Genetic engineering is used in the U.S. to make crops mimic characteristics of chemical insecticides and pesticides. Critics fear the environmental consequences of making anti-pest characteristics a permanent feature of a plant rather than using the occasional option of a pesticide spray that can be washed off. They are also leery of the danger of "jumping genes" -- the transfer of artificially engineered characteristics into the wider ecosystem. "Toxicology allows risk assessment and regulation of the chemical industry, but there's no equivalent science for genetic engineering," says Thompson. "And then there's the liability issue: An engineered gene carries an unmistakable 'fingerprint,' so who would be legally liable if it causes an environmental catastrophe?" Welcome to trade wars in the biotech era.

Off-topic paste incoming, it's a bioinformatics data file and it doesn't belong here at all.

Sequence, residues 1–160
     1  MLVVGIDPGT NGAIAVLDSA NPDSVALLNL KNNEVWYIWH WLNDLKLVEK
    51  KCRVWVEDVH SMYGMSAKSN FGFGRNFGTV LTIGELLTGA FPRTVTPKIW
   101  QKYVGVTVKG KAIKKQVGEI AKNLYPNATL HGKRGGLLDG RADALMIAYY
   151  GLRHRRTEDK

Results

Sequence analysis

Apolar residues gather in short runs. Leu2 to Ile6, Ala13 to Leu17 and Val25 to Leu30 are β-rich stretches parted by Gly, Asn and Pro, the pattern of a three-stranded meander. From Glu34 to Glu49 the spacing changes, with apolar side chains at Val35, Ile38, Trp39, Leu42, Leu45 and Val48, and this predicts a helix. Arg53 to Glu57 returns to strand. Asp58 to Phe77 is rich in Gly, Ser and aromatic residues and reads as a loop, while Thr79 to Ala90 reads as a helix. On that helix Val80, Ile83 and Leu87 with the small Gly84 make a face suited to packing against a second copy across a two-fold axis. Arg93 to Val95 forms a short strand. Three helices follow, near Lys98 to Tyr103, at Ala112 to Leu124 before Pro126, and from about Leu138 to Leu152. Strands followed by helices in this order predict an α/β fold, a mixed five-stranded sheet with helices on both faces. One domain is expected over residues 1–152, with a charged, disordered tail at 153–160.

The idea of genetically altered humans may scare many Americans, but genetically altered soybeans may be a more immediate problem. As U.N.-sponsored negotiations on a treaty covering international trade in genetically altered materials are drawing to a close, U.S. agricultural exports may be under threat. "Much of America's soy and corn crops are genetically altered and that's raising a lot of concerns," says TIME correspondent Dick Thompson. "Besides environmentalists' objections, negotiators are grappling with the problems of risk assessment and liability."